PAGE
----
Same-sex couples get tax consolation prize

There is a nearly $13K credit for adopting a partner's child, but other federal benefits are still off the table.

By Jason Notte Feb 25, 2013 4:52PM
Image: Baby (Rubberball/Jupiterimages)Well, same-sex couples, it turns out Uncle Sam does offer you one break this tax season. 


Same-sex couples married in nine states, the District of Columbia and on two Native American tribal reservations are currently denied federal tax benefits extended to opposite-sex married couples under the Defense of Marriage Act. However, unlike their man-and-woman counterparts, CNN notes that members of a same-sex couple can claim a $12,650 credit per child for adopting their partner's child.


Since the Defense of Marriage Act prevents the federal government from recognizing same-sex couples as married, partners in said relationships aren't subject to the same rule that restricts other couples from claiming that same credit. It's a small consolation -- considering same-sex couples can't file their federal taxes jointly, have to pay taxes on partner health benefits, are subject to estate and gift taxes other couples aren't -- but it's still one that comes in handy around tax time.


Even when adopting a partner's child, which is more commonly known as second-parent adoption in the states that allow it, the adoption process can get costly for same-sex couples. Legal fees and court costs can add up to between $1,500 to $2,500. Tack on another $1,200 fee for for a home study -- which involves checking the home itself and the adoption applicant through a series of interviews -- and attorneys say second parent adoptions can cost upwards of $5,000. The credit allows same-sex couples to save a little cash and offset those costs while DOMA goes under review, which could change the game considerably by the next time the couples file.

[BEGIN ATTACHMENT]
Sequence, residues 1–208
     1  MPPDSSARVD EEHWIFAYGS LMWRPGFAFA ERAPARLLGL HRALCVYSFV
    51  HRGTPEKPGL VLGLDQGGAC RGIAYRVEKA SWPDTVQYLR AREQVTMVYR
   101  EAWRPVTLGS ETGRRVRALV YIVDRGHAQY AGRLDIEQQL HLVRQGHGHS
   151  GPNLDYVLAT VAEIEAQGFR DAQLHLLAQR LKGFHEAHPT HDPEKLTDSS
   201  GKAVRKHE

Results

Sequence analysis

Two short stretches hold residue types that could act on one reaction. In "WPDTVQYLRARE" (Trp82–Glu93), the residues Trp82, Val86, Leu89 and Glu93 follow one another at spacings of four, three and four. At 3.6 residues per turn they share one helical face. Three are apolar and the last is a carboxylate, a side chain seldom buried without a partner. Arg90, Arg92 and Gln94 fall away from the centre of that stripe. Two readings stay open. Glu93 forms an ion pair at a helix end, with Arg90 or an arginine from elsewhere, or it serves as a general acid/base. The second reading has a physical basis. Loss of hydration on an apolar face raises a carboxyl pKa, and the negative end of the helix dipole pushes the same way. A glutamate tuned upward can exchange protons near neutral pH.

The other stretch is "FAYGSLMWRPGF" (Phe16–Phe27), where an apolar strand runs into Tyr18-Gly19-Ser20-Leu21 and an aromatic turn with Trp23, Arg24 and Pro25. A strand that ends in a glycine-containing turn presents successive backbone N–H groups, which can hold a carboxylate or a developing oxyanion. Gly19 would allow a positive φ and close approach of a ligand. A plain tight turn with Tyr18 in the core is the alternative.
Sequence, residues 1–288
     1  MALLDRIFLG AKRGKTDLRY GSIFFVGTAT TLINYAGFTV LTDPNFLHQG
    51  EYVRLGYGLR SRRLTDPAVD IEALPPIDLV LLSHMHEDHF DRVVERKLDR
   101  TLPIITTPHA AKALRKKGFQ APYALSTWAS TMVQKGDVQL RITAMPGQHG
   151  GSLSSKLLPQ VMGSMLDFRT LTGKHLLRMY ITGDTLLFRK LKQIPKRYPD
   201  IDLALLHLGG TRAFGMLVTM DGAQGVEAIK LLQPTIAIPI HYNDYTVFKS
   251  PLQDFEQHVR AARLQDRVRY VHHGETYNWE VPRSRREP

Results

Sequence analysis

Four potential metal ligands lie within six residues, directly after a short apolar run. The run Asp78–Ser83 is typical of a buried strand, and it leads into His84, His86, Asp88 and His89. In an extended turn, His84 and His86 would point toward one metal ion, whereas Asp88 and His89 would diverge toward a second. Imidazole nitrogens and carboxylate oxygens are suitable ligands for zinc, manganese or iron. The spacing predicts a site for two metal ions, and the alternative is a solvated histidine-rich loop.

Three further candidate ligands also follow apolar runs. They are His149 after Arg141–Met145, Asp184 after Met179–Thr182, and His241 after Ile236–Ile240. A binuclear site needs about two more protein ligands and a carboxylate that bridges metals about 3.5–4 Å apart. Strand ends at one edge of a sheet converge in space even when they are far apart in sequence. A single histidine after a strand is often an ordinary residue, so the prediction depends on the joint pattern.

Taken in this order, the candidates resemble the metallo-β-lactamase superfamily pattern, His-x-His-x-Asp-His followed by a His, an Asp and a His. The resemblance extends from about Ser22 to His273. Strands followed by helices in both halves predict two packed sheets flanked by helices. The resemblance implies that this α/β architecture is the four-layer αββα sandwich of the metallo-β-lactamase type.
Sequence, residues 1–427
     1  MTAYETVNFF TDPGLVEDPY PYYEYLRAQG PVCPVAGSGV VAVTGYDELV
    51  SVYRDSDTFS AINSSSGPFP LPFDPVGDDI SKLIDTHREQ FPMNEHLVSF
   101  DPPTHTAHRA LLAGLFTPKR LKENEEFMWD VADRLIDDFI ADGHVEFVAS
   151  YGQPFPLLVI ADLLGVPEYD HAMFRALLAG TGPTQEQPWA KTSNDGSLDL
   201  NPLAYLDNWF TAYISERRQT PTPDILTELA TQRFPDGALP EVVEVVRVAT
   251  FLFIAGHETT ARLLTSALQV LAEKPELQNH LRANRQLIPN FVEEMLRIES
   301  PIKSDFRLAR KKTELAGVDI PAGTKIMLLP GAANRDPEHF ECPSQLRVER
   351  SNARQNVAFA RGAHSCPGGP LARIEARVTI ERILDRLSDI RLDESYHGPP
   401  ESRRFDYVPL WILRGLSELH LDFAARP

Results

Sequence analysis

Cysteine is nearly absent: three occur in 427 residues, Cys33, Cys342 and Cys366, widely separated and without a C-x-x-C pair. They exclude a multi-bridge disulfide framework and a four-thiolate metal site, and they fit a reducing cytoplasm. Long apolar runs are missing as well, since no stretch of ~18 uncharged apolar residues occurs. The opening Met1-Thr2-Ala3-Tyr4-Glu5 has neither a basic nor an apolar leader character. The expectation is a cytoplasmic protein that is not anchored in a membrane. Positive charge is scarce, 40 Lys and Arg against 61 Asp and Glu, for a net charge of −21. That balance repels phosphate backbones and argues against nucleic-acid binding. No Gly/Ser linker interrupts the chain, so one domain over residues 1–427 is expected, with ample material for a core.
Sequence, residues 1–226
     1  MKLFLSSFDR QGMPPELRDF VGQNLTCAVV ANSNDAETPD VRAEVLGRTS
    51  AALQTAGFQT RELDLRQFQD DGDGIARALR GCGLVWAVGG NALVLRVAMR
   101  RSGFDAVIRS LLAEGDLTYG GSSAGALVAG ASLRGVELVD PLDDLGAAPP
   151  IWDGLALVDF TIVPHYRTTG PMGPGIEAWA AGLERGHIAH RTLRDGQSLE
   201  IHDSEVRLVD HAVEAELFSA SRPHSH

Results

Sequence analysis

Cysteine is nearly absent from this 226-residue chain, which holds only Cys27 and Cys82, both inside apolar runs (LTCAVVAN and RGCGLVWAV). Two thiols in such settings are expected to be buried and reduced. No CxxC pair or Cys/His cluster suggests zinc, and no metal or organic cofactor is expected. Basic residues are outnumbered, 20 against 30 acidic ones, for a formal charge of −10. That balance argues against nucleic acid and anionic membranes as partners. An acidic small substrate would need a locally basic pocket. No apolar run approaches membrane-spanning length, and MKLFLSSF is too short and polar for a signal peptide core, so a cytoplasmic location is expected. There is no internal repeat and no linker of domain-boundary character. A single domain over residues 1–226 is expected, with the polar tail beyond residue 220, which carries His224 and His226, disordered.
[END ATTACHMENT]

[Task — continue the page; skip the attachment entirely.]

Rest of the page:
The adoption credit was initially supposed to expire on Dec. 31 before the fiscal cliff deal extended it permanently. However, if the Defense of Marriage Act is overturned, which might happen when the Supreme Court weighs in on the constitutionality of the law this year, same-sex couples who are married at the state level would gain federal recognition as well. Those couples would lose the adoption benefit, but gain every other perk offered to married couples under the tax code.


As mentioned before, the $12,650 is a consolation prize that eases a small portion of the tax burden for same-sex couples. Those lobbying for the end of the Defense of Marriage Act see it as a small price to pay for being placed on par with the rest of married America.


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